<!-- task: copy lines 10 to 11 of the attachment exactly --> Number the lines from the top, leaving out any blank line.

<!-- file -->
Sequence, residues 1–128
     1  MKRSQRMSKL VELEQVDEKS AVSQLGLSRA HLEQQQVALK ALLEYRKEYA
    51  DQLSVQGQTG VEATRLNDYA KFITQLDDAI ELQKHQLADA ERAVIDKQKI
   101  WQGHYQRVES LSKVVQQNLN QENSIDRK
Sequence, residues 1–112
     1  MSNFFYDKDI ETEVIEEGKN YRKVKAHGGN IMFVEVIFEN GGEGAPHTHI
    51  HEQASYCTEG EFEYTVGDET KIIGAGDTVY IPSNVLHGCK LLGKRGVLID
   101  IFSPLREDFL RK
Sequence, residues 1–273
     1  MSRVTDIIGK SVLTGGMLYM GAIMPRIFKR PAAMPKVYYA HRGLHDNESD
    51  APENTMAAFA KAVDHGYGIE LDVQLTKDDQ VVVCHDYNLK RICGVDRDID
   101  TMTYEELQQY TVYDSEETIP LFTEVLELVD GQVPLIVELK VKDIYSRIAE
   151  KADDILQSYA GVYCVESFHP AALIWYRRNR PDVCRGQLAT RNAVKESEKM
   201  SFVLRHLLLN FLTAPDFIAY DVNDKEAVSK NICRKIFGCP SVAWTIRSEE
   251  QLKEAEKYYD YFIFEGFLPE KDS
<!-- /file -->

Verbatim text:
     1  MSRVTDIIGK SVLTGGMLYM GAIMPRIFKR PAAMPKVYYA HRGLHDNESD
    51  APENTMAAFA KAVDHGYGIE LDVQLTKDDQ VVVCHDYNLK RICGVDRDID